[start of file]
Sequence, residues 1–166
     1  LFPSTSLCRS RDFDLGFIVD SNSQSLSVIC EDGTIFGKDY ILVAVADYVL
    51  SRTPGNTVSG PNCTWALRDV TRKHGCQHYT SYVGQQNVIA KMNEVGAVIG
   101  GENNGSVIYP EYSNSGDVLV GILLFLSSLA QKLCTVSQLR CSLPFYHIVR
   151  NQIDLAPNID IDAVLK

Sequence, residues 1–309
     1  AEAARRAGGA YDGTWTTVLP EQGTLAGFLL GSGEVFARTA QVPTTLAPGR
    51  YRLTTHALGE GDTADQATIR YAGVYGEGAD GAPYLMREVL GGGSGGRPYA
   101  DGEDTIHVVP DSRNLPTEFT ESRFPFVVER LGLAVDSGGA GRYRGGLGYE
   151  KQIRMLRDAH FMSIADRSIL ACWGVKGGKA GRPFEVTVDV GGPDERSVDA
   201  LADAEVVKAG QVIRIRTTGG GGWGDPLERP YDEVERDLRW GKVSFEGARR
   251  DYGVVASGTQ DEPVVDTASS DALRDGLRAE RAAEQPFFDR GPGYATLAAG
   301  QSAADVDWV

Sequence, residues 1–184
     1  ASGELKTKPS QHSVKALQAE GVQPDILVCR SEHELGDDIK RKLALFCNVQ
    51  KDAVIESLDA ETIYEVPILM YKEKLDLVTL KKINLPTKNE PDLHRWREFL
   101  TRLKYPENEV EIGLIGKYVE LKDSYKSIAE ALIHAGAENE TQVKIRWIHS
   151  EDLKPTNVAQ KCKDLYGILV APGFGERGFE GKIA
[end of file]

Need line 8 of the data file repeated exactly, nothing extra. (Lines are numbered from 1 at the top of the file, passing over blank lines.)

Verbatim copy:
    51  YRLTTHALGE GDTADQATIR YAGVYGEGAD GAPYLMREVL GGGSGGRPYA